The effect of HIV on cancer stage, treatment, and survival is unclear and differences may be driven by immune suppression and/or access to care. We compared cancer outcomes among people with HIV (PWH) enrolled in care to the general US population, with a sub-analysis stratified by CD4 count.
We compared cancer stage at diagnosis, receipt of any cancer treatment, and restricted mean survival time (RMST) between 255 cancer cases in PWH enrolled in the Johns Hopkins HIV Clinical Cohort (JHHCC) and similar cases sampled from the NCI’s Surveillance, Epidemiology and End Results Program (SEER), presumed to be largely HIV negative. We performed G-computation using random forest methods to estimate the effect of HIV on stage and treatment risk differences (RD) and on RMST differences, adjusting for demographic and cancer covariates. We also stratified the JHHCC by CD4 cell count ≤200 and >200 cells/mm[sup]3[/sup], to examine effect modification by immune status at cancer diagnosis.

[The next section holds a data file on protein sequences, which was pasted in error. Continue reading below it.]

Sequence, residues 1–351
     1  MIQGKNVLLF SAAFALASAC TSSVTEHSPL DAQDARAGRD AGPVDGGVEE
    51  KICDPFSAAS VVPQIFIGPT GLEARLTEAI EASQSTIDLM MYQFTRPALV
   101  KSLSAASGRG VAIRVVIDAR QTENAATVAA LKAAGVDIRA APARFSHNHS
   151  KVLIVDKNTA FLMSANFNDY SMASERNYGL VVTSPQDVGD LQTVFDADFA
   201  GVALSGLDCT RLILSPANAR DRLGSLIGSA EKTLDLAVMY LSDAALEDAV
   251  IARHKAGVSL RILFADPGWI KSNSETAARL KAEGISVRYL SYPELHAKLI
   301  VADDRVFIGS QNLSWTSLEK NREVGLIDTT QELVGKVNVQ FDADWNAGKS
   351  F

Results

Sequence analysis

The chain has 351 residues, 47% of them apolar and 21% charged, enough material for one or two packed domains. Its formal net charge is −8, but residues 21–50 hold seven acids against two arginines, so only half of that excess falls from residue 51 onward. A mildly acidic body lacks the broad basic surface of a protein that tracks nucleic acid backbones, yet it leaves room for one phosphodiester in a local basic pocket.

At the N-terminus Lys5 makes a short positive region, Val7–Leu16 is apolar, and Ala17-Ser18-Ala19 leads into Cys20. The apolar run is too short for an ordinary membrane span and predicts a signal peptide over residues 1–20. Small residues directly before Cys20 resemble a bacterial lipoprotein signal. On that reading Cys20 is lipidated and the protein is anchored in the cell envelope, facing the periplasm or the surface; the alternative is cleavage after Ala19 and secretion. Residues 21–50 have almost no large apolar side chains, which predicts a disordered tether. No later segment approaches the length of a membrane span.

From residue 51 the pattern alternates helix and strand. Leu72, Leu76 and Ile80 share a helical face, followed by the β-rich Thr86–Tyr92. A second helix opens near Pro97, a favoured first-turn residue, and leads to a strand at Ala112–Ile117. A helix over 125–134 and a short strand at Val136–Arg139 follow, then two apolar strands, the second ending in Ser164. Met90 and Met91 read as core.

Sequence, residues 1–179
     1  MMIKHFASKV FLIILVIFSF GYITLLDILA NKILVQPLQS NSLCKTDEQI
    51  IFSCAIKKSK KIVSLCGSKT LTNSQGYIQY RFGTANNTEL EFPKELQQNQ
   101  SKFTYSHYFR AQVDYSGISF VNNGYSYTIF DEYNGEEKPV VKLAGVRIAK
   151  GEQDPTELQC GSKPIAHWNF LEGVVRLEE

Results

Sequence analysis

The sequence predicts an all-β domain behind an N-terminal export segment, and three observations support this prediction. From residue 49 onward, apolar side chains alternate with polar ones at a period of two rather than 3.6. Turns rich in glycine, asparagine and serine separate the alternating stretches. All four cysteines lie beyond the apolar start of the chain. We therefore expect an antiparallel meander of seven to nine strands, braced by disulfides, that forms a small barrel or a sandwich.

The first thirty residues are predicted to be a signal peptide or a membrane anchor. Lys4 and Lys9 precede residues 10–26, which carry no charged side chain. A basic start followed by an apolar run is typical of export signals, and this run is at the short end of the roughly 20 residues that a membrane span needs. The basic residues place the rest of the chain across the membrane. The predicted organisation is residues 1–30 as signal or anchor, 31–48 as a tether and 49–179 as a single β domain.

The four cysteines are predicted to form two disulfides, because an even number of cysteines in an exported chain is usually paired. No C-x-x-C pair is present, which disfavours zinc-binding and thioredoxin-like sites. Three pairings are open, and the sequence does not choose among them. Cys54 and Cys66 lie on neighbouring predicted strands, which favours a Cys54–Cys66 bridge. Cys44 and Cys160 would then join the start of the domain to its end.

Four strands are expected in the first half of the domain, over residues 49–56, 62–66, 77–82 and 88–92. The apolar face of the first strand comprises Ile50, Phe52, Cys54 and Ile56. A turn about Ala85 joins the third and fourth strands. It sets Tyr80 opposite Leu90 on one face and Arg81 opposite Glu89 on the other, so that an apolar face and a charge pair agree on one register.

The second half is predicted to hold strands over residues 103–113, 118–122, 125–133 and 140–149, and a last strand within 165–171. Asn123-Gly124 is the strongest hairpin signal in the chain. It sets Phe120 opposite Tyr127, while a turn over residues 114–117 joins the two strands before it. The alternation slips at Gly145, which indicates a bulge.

The probability of localized cancer was 0.30 among PWH in JHHCC, while it was 0.07 in SEER (Risk difference (RD)= 0.24 [95% CI= 0.17, 0.31]). Similarly, the probability of distant cancer was 0.45 in JHHCC versus 0.07 in SEER (RD=0.38 [95% CI= 0.31, 0.43]). Among those in JHHCC with ≤CD4 200, 74% received any cancer treatment compared to 80% of SEER (RD=-0.06 [95% CI= -0.24, -0.02]), but there was no difference in cancer treatment overall or at higher CD4 levels. Table 1 provides a comparison of mortality after cancer diagnosis between JHHCC and SEER. Model 1 accounted for age, sex, race, year of diagnosis, and cancer type; while model 2 also adds CD4 count at cancer diagnosis. PWH had evidence of reduced survival of all cancers after adjusting for the model 1 covariates (RMST Difference= -3.4 months [95% CI= -7.1, -0.2]). The observed difference was larger when examining PWH with CD4 ≤200 adjusting for the model 2 covariates (-10.6 months [95% CI=-18.3, -4.9]). Differences in survival were no longer significant when stage and treatment were added to the models.
PWH are more likely to be diagnosed with cancer at earlier and later stages than the general US population, suggesting that HIV may contribute to faster progression and that engagement in HIV care may improve earlier detection. Survival differences were largely explained by cancer stage and treatment, although there is some evidence of lower rates of cancer treatment and higher mortality in those with low CD4 counts.